10 things about ACLs


If you work with Cisco routers, you’re more than likelyfamiliar with Cisco IOS access control lists (ACLs). But that doesn’t mean youknow all there is to know about these important gatekeepers. Access lists arean integral part of working with routers, and they’re vital to security.
Because ACLs are a fundamental part of router administration,I want to address 10 things you should know about working with these lists. Ifyou’re new to working with Cisco routers, this list offers a good foundation toget you started. But even if you’ve worked with Cisco routers for a while, itnever hurts to review the basics—you might even learn something new.
So, without any further ado, here are 10 things you need toknow about Cisco IOS access lists, beginning with the basic definition of anACL.

  1. What is an access control list?

    In the Cisco IOS, an access control list is a record thatidentifies and manages traffic. After identifying that traffic, an administratorcan specify various events that can happen to that traffic.

  2. What’s the most common type of ACL?

    IP ACLs are the most popular type of access lists because IPis the most common type of traffic. There are two types of IP ACLs: standardand extended. Standard IP ACLs can only control traffic based on the SOURCE IPaddress. Extended IP ACLs are far more powerful; they can identify trafficbased on source IP, source port, destination IP, and destination port.

  3. What are the most common numbers for IP ACLs?

    The most common numbers used for IP ACLs are 1 to 99 forstandard lists and 100 to 199 for extended lists. However, many other rangesare also possible.

    • Standard IP ACLs: 1 to 99 and 1300 to 1999
    • Extended IP ACLs: 100 to 199 and 2000 to 2699
  4. How can you filter traffic using ACLs?

    You can use ACLs to filter traffic according to the “threeP’s”—per protocol, per interface, and per direction. You can only have oneACL per protocol (e.g., IP or IPX), one ACL per interface (e.g.,FastEthernet0/0), and one ACL per direction (i.e., IN or OUT).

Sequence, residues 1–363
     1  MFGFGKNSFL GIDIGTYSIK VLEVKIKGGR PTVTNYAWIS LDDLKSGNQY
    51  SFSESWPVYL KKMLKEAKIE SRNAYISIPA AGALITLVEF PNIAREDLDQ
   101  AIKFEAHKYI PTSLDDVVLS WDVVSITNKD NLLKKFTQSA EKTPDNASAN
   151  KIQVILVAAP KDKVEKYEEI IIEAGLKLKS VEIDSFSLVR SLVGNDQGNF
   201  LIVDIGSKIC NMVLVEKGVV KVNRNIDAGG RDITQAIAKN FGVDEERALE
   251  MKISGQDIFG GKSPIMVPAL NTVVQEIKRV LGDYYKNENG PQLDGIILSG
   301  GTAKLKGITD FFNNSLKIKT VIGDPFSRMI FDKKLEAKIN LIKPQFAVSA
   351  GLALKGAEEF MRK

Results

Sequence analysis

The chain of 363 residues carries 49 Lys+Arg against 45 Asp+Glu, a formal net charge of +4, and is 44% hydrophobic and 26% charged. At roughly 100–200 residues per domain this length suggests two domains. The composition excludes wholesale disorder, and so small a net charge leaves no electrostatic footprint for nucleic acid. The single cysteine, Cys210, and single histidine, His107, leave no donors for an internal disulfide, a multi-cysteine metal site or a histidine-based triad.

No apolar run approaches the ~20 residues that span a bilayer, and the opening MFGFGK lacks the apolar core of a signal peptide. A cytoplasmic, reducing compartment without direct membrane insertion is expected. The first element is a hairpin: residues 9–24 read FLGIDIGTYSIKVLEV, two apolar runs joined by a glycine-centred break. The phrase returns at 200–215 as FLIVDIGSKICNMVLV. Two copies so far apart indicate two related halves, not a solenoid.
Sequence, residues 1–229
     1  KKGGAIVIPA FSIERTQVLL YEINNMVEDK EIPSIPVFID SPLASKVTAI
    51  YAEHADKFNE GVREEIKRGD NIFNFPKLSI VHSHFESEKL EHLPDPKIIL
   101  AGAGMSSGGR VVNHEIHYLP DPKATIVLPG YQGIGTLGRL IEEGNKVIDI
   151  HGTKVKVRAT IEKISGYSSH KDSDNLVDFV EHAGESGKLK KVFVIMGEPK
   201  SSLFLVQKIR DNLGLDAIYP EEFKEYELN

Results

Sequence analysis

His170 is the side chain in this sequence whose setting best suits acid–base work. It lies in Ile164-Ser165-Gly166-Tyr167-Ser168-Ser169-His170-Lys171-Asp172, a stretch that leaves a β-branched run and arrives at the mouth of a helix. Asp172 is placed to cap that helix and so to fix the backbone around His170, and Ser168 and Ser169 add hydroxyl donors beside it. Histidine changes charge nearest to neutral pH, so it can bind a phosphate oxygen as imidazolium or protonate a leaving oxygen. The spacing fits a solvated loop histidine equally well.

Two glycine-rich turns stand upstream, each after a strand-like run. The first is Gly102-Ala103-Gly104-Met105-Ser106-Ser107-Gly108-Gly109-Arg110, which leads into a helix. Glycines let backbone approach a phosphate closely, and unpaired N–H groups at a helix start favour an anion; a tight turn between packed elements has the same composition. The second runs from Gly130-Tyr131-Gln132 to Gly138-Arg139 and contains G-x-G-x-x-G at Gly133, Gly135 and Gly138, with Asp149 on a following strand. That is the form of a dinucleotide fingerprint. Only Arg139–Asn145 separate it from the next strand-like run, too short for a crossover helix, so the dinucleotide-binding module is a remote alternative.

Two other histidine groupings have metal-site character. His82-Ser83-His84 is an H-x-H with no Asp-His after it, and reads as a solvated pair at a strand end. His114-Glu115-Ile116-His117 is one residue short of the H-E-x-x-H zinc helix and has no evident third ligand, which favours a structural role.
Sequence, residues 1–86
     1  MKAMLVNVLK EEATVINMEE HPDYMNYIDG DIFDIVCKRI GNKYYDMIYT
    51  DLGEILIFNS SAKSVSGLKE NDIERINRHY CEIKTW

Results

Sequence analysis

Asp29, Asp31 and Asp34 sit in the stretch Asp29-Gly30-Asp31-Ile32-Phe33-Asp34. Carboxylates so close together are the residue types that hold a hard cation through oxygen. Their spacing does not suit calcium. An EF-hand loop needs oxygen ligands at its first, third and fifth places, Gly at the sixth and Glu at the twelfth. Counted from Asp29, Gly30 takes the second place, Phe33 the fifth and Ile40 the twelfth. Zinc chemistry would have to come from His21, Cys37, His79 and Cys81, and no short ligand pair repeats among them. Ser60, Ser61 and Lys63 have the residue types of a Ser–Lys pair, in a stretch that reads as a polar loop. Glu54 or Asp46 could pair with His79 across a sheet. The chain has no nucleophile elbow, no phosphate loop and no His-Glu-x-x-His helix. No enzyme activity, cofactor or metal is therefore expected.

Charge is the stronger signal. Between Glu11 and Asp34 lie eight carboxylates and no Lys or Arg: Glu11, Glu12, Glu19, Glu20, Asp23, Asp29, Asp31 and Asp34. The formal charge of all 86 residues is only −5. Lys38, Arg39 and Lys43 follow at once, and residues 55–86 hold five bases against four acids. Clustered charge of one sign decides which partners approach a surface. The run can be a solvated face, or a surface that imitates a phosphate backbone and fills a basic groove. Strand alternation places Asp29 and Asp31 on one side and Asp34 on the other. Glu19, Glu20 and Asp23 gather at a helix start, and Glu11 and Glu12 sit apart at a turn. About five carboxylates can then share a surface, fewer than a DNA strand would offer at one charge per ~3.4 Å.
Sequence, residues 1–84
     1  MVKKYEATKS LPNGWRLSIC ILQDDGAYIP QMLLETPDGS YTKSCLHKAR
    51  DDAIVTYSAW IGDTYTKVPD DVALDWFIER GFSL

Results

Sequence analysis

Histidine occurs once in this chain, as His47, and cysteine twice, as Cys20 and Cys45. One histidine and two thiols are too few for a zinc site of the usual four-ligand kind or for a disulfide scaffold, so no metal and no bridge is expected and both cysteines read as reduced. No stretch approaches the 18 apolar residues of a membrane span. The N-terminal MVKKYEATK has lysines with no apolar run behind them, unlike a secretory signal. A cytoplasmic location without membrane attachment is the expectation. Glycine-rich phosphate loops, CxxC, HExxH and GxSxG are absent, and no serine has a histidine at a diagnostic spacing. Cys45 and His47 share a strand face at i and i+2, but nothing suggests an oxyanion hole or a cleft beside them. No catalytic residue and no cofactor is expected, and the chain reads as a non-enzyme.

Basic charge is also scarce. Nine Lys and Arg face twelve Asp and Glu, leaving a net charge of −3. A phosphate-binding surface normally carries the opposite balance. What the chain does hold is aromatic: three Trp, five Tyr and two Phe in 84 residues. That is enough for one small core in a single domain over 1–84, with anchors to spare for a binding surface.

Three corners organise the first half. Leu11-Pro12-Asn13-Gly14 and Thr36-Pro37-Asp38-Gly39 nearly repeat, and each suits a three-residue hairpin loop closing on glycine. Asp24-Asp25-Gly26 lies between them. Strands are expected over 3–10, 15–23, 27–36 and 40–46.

5. How can an ACL help protect my network from viruses?

    You can use an ACL as a packet sniffer to list packets thatmeet a certain requirement. For example, if there’s a virus on your networkthat’s sending out traffic over IRC port 194, you could create an extended ACL(such as number 101) to identify that traffic. You could then use thedebug ip packet 101 detail command onyour Internet-facing router to list all of the source IP addresses that aresending packets on port 194.

  6. What’s the order of operations in an ACL?

    Routers process ACLs from top to bottom. When the routerevaluates traffic against the list, it starts at the beginning of the list andmoves down, either permitting or denying traffic as it goes. When it has workedits way through the list, the processing stops.
    That means whichever rule comes first takes precedence. Ifthe first part of the ACL denies traffic, but a lower part of the ACL allowsit, the router will still deny the traffic. Let’s look at an example:

    Access-list 1 permit anyAccess-list 1 deny host 10.1.1.1Access-list 1 deny any

    What does this ACL permit? The first line permits anything.Therefore, all traffic meets this requirement, so the router will permit alltraffic, and processing will then stop.

  7. What about traffic you don’t specifically address in an ACL?